Article Courtesy of The Atlanta Journal

METRO NEWS

TODAY • June 3, 2001
Woodsman sets others on an 'endless adventure'

Mainstreet: All his life, Mark Warren has been drawn to the forest. Now, he shares his love of the outdoors at a summer camp in the untrampled woods of Lumpkin County.

Bill Osinski - Staff

Sunday, June 3, 2001

He is a voice in the wilderness and for the wilderness.

Mark Warren teaches people how to survive in the woods, play in the woods, use the gifts of the woods and respect the spiritual connection between the land and their lives.

His outdoor school, called Medicine Bow, is a tract of undisturbed forests and clear streams in rural Lumpkin County, not far from Dahlonega.

Warren, a former naturalist for the Georgia Conservancy and a wilderness director for a Roswell-based youth camp, has had a lifelong attraction to the study of nature.

"I look into the heart of the forest and see an endless adventure," Warren said.

Schoolchildren and adults come to Medicine Bow to learn things like tracking, archery, primitive camping, forest botany and Native American lore. But this isn't a typical summer camp.

Warren can take them to the floor of the forest to show them which plants make a good snack and which can settle an upset stomach. He can show them how to find a tree whose wood is suitable for making a longbow, and then show them how to make it.

Often, as their workshops end, he takes his students to a totem pole in the meadow he uses for an archery field. Using their favorite animal and what they see as their most distinctive personality traits, Warren will lead a naming ceremony, giving the students Native American-style names and adding a depiction of those names to the totem.

As a boy, Warren was drawn to the woods; as a man, he's never left.

After college, he used the opportunities his jobs offered to study with botanists, or simply to take nature studies books into the woods with him and learn that way. But he wanted to make some deeper connections, and he knew this would best be done alone. With only a few exceptions, Warren is the only teacher at Medicine Bow.

"I didn't want to do the traditional camp things like swimming and horseback riding," he said. Instead, he wanted to teach a philosophy of living with nature and respect for nature. To do that, he needed to learn the way the Indians had done for centuries before the white man arrived.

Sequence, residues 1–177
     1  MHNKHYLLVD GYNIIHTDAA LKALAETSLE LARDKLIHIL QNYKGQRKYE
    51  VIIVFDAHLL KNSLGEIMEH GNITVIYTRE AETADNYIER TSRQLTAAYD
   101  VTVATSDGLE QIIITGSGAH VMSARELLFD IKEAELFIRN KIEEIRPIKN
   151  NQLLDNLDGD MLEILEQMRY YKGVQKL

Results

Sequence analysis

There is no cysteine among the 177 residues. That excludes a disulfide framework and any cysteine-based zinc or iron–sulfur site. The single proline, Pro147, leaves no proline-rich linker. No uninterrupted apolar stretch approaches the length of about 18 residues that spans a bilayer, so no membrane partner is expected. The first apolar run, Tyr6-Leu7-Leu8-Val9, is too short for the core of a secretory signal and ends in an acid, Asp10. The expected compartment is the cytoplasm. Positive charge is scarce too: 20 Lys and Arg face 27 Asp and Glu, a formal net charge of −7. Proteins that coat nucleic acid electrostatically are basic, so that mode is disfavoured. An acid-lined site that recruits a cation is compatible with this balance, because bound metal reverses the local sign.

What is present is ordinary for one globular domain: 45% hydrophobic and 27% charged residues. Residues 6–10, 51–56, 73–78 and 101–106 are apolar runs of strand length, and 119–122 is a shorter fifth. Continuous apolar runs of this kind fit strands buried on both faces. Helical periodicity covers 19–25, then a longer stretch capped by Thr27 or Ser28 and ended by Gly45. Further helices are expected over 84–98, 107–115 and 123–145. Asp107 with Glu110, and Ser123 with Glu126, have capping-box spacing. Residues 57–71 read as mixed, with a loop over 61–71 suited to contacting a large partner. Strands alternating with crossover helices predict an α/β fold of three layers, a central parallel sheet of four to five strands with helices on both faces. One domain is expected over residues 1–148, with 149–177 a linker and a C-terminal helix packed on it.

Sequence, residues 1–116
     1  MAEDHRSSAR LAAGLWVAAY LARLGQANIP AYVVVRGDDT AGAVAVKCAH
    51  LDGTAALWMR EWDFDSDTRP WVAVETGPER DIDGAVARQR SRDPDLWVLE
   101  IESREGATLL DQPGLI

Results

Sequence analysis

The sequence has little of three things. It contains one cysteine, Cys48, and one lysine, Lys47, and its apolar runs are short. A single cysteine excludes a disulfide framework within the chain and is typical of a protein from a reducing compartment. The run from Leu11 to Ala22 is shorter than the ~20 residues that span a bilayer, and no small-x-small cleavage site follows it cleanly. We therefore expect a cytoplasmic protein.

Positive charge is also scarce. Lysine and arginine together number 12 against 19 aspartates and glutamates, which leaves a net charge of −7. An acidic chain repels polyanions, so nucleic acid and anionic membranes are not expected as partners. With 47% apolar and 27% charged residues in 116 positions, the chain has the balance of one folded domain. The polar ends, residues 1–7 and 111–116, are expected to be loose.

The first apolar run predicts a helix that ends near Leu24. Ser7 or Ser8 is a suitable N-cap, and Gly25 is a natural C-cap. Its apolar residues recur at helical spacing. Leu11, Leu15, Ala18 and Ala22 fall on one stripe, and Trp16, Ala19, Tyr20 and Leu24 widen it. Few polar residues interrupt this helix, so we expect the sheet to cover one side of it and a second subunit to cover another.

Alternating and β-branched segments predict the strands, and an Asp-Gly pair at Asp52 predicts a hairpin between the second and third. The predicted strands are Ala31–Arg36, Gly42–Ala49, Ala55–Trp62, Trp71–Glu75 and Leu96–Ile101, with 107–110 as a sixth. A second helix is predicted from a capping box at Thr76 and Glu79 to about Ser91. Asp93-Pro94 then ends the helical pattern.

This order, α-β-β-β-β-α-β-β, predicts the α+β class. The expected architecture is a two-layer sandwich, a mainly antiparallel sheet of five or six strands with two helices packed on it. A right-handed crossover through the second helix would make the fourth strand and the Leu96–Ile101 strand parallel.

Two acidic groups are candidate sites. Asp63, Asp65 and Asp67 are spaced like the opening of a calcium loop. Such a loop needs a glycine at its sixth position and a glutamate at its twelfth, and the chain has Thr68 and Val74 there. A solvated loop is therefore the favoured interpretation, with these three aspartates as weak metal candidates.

"I knew if I wanted to learn about nature, I had to study Native Americans," he said. More than living off the land, Native Americans learned how to live in harmony with the land, he said.

"In the old times, every Native American knew where everything came from; therefore, they treated everything on the land with respect," he said.

If a Native American were going to harvest a plant or shrub growing wild in the forest, he might circle it first, offering a prayer of tribute or thanks, Warren said. And it would never enter a Native American's mind to do anything that would foul a stream that provided drinking water for others, he said.

"What most people now call weeds were staples of life for the Native American," he said. For example, the dandelion plant that many modern homeowners wage chemical warfare against was an important source of food and medicine.

Indian lore can go only so far in teaching the secrets of the wilderness, however. Warren said much of the traditional Native American knowledge has been lost over time, so he and other naturalists must use modern scientific techniques to regain that knowledge.

"It's a process of rediscovery, to learn how to make a glue from plants, or how to use certain leaves to repel insects," he said. "All these plants are our allies. They capture energy from the sun and make our planet work."

Medicine Bow offers people a chance to re-establish a connection with the land, a connection that keeps getting thinner in our modern times, he said. More and more, he sees children who are hesitant to step into a mountain stream because they are more comfortable with secondhand experiences such as video games.

Even so, he said, children are also hungry for the concepts taught at Medicine Bow. "They're so open to the miracles around them," Warren said.

And as his students leave, he compares them to arrows shot back into the world from the Medicine Bow of Native American legend. That bow was never used to pierce the flesh of a man or an animal, but only for the good of the people.

"The last thing I tell them is, 'Teach somebody something you learned here,' " he said.

Information: 706-864-5928; www.medicinebow.net